I just finished reading Cameron Kaine's daily article on SiriusXM (NASDAQ:SIRI) titled Sirius XM And The Challenges It Faces In 3 Years. The article stresses the dependency of the company's business model on the sale of new cars and how it faces "saturation." I agreed with much of what Cameron wrote, up until the last sentence of the article "And for this reason, it remains a good short."
I have many concerns about the challenges facing Sirius:
- If Liberty Media (LMCA) increases their ownership percentage to more than 50% later this year, what impact will that have on the near or long term price of the shares?
- What will Sirius do with its stockpile of cash, a pile that should continue building up over the next few years?
- When will we see an OEM announce that they are installing 2.0 in the dashboard?
- Will the company increase guidance as many expect, and because it is expected, will it be enough to satisfy the market?
- Is the used car program gaining traction?
- Is the price increase impacting conversions and churn?
- How much good and bad news is priced into the shares of the stock?
It is interesting how two investors - one short and one long - can look at the same data, problems and opportunities and draw very different conclusions. Cameron sees the dependency on auto sales as a negative, and to an extent, it is. And it doesn't matter whether it is new cars or used cars. He refers to market saturation, and makes a comparison to the cable television market. He facetiously asks:
I'm trying to wonder if my previous investment in Time Warner Cable (TWC) has ever caused me to do due diligence in the real estate market? Remarkably even with the foreclosure concerns and the bursting of the housing bubble, neither cable or satellite television companies such as DirecTV (NYSE:DTV) felt any significant impact.
I don't know how much impact is significant, but last summer Bloomberg had an article titled Pay Television Faces 'Toxic Mix' as Subscribers Cancel in Record Numbers that noted:
The six largest publicly traded U.S. cable and satellite-TV providers combined to lose about 580,000 customers in the second quarter, the biggest such decline in history, according to company and Bloomberg data.
Maybe paying attention to the real estate market isn't critical, but tracking new household formations would seem important. Headlines about "boomerang children" have been appearing for a while as college graduates return to live with their "empty nester" parents because they are unable to afford apartments or find jobs. Tightened credit standards and the tight job market have an impact as well, with some couples delaying marriage plans and slowing household formations.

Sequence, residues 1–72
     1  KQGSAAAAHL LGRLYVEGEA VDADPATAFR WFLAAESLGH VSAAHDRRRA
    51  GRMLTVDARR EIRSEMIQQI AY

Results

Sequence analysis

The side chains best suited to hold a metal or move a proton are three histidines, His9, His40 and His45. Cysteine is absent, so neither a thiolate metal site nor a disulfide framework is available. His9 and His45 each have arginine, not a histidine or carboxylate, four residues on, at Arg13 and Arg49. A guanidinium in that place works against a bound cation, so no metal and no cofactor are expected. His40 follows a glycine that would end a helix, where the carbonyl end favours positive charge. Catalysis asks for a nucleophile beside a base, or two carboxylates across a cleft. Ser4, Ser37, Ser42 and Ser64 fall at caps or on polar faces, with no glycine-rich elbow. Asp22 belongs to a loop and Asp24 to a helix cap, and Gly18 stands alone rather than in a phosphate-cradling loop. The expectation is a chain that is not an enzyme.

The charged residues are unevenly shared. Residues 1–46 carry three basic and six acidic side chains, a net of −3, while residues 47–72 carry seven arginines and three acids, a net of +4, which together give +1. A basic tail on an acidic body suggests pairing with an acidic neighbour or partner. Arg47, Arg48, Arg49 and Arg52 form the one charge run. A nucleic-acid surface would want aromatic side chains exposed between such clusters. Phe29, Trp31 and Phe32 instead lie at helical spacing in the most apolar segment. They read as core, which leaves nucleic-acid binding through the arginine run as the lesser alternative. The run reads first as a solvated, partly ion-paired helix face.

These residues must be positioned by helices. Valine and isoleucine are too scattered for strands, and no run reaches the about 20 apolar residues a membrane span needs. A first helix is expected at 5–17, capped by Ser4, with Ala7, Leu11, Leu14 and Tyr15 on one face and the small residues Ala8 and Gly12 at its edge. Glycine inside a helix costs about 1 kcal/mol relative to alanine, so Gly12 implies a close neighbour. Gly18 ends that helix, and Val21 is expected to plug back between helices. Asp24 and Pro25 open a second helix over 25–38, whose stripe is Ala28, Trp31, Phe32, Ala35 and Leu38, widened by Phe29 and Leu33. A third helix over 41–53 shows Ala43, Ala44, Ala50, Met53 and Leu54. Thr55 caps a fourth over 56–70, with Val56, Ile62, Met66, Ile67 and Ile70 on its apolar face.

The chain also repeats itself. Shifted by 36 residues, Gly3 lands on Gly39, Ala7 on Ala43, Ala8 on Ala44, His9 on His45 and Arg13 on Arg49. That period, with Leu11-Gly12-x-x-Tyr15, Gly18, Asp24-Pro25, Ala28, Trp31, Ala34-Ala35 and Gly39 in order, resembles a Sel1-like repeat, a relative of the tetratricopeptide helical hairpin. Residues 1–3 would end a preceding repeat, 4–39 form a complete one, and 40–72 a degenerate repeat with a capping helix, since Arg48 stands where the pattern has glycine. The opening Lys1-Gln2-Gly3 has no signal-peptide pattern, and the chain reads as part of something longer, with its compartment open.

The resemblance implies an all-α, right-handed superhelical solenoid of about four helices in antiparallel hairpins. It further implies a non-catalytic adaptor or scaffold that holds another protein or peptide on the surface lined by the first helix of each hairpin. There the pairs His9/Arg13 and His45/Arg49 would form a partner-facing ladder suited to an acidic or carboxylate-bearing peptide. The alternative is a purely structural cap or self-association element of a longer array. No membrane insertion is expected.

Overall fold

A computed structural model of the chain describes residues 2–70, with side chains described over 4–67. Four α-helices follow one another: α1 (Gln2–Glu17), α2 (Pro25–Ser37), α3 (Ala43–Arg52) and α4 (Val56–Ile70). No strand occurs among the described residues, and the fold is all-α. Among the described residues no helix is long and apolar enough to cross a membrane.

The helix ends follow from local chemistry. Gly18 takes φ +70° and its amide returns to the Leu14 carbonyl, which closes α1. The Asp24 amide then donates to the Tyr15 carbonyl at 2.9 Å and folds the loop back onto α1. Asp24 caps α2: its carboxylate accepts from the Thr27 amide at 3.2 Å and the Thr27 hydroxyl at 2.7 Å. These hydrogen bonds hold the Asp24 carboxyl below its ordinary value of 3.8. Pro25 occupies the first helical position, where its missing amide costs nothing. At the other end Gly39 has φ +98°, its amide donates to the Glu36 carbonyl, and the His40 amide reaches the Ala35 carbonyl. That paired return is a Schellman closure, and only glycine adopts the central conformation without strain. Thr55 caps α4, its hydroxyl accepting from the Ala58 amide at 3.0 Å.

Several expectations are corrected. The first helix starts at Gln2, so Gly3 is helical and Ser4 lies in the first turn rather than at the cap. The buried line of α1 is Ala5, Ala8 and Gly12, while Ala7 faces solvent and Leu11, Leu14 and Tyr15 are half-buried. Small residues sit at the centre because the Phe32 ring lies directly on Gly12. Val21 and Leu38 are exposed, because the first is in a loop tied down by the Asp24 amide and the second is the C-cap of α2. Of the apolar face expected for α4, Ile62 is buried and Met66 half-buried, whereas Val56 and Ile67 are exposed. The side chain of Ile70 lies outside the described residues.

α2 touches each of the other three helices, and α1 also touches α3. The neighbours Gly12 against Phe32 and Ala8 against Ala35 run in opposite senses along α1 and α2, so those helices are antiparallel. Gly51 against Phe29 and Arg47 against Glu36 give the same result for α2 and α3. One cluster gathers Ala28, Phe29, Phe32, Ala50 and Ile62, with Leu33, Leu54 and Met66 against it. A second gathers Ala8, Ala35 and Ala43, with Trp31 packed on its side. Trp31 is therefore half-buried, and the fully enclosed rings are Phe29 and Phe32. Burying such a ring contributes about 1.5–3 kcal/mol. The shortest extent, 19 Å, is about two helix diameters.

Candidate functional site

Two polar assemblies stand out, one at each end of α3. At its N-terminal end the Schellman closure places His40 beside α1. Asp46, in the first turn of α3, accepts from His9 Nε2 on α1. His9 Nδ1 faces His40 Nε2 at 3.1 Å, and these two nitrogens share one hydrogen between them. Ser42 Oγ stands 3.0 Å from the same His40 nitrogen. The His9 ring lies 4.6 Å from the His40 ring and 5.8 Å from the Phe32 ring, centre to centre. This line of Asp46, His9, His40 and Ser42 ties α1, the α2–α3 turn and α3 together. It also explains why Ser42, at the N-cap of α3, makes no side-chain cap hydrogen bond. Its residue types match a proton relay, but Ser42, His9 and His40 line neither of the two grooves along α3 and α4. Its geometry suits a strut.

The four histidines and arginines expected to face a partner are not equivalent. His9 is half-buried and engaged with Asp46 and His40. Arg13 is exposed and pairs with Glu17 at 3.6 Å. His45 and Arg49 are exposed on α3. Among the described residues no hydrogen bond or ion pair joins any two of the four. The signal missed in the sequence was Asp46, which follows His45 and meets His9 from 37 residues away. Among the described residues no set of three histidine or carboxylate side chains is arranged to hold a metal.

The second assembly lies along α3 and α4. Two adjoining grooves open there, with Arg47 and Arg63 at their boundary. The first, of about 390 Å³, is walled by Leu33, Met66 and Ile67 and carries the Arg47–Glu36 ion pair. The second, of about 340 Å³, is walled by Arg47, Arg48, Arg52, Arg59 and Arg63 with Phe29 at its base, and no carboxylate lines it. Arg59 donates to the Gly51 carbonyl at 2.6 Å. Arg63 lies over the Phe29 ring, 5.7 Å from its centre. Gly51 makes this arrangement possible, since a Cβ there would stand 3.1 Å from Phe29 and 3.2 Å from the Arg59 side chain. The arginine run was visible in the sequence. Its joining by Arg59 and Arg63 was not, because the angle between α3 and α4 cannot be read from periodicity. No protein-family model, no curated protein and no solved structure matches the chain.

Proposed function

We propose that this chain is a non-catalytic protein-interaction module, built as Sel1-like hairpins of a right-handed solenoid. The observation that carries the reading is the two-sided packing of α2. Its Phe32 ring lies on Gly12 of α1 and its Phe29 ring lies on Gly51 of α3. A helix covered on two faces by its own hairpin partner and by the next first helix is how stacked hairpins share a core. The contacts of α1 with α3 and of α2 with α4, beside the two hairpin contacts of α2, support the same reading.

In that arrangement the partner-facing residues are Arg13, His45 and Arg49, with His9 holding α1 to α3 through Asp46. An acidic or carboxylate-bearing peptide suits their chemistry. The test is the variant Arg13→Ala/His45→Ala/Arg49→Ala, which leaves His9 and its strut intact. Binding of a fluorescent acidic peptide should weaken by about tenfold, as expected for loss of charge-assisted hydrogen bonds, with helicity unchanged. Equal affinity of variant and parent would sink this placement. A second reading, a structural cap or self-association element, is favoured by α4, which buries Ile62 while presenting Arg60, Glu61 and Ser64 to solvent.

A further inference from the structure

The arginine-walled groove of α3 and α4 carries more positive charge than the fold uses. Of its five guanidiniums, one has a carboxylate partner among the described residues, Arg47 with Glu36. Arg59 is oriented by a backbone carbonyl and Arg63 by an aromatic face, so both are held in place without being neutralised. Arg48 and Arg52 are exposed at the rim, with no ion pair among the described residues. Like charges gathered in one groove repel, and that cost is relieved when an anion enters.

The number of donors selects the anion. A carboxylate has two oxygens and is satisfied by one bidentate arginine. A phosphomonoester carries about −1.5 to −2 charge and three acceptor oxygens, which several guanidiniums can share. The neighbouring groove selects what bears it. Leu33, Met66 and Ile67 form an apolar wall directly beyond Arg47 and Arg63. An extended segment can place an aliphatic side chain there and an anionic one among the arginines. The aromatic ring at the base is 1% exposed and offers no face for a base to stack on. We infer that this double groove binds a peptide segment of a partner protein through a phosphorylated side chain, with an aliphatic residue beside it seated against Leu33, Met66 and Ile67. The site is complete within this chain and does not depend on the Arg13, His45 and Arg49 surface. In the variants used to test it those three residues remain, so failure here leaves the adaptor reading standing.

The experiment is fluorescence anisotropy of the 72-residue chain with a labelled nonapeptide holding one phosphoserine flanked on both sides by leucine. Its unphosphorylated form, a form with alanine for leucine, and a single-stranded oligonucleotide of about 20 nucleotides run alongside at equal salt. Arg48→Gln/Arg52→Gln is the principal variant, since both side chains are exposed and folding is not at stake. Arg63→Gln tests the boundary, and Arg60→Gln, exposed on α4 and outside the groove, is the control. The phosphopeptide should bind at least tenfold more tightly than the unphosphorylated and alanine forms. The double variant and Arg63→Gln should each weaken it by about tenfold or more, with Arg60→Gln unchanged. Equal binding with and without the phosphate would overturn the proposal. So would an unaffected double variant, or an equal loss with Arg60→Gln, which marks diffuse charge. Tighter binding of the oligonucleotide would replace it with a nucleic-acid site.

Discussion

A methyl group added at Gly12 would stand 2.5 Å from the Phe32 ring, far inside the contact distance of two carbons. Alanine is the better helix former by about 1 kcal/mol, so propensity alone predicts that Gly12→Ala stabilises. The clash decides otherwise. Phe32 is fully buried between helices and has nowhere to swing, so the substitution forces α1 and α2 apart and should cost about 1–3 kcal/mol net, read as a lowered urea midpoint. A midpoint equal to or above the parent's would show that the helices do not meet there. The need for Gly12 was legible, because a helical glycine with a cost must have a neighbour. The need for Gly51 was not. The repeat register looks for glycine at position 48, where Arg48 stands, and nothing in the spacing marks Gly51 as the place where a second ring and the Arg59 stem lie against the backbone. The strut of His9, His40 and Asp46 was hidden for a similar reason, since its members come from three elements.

Should new vehicle sales data be important to Sirius investors? Absolutely. Is the market saturated? I don't think so, at least not yet. In May, I wrote an article discussing how the losses from churn and termination of paid promotional subscribers would lead to subscriber equilibrium - new subscribers from the OEM channel would equal the losses. As the growth in subscribers slows, the P/E multiple should contract. What will that mean for the share price?
This is probably one of the focal points of disagreement. The "E" in the P/E ratio should continue to grow. Ignore the issue of share buybacks for the moment. Sirius has a lot of debt and pays a lot in interest - about $300 million per year. Paying down debt, or even refinancing it as it comes due, will grow "E." Sirius instituted a price increase January 1st. The positive impact will be gradual as it will be implemented when subscriptions renew and both revenue and "E" will show improvement. Advertising revenue and profits continue to grow, from a small base, but it is growth.
Other opportunities are out there, but no data has been shared by the company. What is happening with the used car program? Smartphones? Internet subscriptions? Not very much, it would seem. If these were showing traction, the company should be letting investors know. These represent challenges and opportunities.
When Sirius CEO Mel Karmazin spoke at the Liberty Media Corporation 2011 Investor and Analyst Meeting, he floated the idea of an advertising supported model to take advantage of all the deactivated satellite radios. He noted that there would be tens of millions of inactive radios in a few years. Offering a limited line-up of about ten stations, supported by advertising, could bring in additional revenue at minimal cost. It could also prove to be a disaster if they lose a significant number of self-pay subscribers.
Many of these are longer term opportunities. Cameron's article title calls out a three year time period. There is certainly time to address these issues. Do they make Sirius a candidate for a short? I honestly don't know. This is a stock with a lot of volatility. I am sure traders can make money on both sides of the trade. They can also lose money on both sides of the trade.
While I agree with Cameron that Sirius faces challenges, the company also has opportunities. Those challenges do not seem to be sufficient to make Sirius "a good short." He may make money on his short position, but it is more likely to be based on the volatility of the stock rather than for the reasons stated. Longer term, I believe the shares will grow in value, and, I certainly think that three years from now the stock will be higher than it is today. That is why I am long.
Disclosure: I am long (SIRI). I have $3 January 2013 covered calls against most of my Sirius position, as well as some $2 and $2.50 January 2013 covered calls. I may initiate (or close) a buy stock/sell option position in Sirius, discussed in another article, at any time. I have no positions, or any plans to open positions in the next 72 hours, in any of the other companies mentioned in this article